Benaud was appointed captain against England in 1958-59 and regained the Ashes 4-0. He had pre-Test match meetings where every player's viewpoint was considered and grievances settled, and the excellent team spirit that existed was clear to the spectators. The fall of a wicket was greeted by ecstatic scenes in the middle, with the players swarming in to hug the bowler or fielder. Thus Benaud could be called the father of modern cricket with its extrovert expressions.

Benaud retained the Ashes in England in 1961 and in Australia in 1962-63.

Throughout the 1961 tour of England, Richie's right shoulder troubled him. Yet in the fourth Test in Manchester he converted a certain defeat into a victory. England was set 256 runs to win and was galloping towards victory at 1 for 150. It was then that Benaud produced his piece de resistance.

By going round the wicket and pitching in the rough of Trueman's footholds, he imparted an awkward lift. In an incredible spell, he took four crucial wickets for 13 runs. England lost 9 for 51 after being 1 for 150 and Benaud finished with 6 for 70. Following this tour, Benaud was awarded an OBE by the Queen.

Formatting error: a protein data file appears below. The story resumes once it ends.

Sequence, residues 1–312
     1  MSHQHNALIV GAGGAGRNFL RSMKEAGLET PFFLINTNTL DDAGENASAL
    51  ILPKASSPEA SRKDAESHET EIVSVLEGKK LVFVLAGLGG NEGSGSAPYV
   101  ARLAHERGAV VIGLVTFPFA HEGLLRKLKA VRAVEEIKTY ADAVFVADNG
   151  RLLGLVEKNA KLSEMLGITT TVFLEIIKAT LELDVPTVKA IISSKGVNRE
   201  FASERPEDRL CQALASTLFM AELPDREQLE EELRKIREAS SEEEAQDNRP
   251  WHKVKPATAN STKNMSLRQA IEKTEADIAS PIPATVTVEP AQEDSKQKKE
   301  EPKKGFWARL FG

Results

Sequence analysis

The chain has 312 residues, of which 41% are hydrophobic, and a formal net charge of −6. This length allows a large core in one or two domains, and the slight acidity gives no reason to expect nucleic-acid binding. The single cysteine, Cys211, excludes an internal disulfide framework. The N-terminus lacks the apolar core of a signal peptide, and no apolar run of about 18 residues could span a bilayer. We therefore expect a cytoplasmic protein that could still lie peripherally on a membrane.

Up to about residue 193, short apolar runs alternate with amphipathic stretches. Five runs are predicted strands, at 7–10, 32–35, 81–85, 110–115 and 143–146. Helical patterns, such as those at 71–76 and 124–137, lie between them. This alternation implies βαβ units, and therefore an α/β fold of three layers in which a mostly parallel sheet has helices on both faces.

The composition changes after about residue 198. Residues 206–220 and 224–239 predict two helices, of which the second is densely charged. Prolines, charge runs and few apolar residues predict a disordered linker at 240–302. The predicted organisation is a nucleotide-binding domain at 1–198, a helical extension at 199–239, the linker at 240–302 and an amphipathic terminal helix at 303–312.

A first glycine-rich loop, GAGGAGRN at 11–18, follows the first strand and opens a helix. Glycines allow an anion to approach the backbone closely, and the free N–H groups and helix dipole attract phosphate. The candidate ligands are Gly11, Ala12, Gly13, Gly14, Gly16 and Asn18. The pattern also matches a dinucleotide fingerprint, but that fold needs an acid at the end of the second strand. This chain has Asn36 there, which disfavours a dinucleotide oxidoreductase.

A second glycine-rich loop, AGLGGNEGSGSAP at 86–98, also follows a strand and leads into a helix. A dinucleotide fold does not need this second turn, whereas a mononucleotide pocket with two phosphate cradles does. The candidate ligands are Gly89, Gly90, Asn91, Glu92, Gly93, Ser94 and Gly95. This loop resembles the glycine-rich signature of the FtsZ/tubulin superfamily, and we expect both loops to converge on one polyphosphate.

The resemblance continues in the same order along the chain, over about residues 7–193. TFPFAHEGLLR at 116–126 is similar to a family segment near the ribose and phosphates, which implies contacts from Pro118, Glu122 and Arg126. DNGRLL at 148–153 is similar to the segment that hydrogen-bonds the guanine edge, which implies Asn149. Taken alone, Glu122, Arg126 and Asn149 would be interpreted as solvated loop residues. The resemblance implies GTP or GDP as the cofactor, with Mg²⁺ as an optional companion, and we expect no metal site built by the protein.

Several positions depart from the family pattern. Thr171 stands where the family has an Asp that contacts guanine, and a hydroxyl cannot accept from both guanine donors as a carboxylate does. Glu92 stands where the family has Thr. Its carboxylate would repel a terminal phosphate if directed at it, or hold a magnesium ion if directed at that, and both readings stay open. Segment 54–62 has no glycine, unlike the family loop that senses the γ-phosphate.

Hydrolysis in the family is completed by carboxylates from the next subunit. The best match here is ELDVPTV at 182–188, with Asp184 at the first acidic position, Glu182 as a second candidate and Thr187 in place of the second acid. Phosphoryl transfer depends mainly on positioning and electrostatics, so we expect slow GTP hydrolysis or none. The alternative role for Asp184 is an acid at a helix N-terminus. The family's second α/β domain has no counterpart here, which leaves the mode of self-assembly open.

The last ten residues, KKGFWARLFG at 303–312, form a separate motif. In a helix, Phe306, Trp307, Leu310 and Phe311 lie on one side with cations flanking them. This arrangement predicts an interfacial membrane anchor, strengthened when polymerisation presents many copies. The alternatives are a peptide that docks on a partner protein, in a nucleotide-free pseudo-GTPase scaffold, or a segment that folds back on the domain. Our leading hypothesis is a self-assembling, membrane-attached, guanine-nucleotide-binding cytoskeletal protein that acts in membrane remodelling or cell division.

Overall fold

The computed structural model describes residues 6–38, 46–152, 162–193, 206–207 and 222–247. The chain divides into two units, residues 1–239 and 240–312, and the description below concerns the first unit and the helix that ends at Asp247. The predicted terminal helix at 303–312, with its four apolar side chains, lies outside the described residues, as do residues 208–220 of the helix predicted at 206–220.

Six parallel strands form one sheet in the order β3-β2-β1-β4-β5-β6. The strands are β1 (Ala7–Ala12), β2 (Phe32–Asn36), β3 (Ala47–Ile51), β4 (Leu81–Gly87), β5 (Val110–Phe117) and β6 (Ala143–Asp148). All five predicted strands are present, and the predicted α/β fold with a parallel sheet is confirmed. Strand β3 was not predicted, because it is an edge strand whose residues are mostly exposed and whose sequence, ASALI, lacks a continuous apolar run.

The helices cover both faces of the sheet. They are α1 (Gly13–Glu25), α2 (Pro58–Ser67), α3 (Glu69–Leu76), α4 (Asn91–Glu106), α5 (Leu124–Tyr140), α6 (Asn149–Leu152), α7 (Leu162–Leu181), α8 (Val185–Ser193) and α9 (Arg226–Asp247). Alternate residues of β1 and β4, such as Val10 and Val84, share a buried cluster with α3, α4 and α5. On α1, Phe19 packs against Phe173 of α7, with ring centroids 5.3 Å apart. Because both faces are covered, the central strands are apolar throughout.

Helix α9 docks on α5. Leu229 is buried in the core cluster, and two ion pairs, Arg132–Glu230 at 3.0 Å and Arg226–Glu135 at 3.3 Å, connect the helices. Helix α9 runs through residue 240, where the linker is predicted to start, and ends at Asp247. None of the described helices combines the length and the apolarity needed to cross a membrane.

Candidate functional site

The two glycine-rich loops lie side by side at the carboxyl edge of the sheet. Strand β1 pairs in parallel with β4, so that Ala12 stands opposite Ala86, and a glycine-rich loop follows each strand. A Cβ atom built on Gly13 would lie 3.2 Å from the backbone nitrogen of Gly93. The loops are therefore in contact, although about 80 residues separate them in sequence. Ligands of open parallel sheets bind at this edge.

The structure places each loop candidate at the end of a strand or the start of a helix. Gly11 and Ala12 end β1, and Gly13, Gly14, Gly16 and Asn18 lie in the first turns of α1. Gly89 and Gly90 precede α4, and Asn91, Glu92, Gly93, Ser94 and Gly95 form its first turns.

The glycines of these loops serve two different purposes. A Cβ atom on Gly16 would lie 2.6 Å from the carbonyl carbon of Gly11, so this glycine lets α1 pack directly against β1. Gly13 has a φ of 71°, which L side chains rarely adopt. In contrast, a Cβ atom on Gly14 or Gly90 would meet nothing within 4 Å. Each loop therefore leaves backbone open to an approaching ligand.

In the tied Brisbane Test, Australia were set 233 runs to win. They were in trouble at 6 for 92 when Benaud joined Alan Davidson. Their 134-run stand tilted the match Australia's way when both were dismissed. In the final over with the scores level, the last two batsmen were run out.

Shoulder trouble forced Benaud to retire at 33 in 1963-64.

Benaud's contribution to cricket went further than the cricket field. Pakistan cricket benefited from his advice when he suggested to President Ayub Khan that they do away with matting wickets. This was done and it led to an improvement in their cricket standard overseas.

In 1976, as manager of the International Wanderers, Benaud toured South Africa and fought for multiracial cricket there. The news that South Africa would end apartheid in sport in 1980s so pleased him that he exclaimed, "the best news I have heard in years."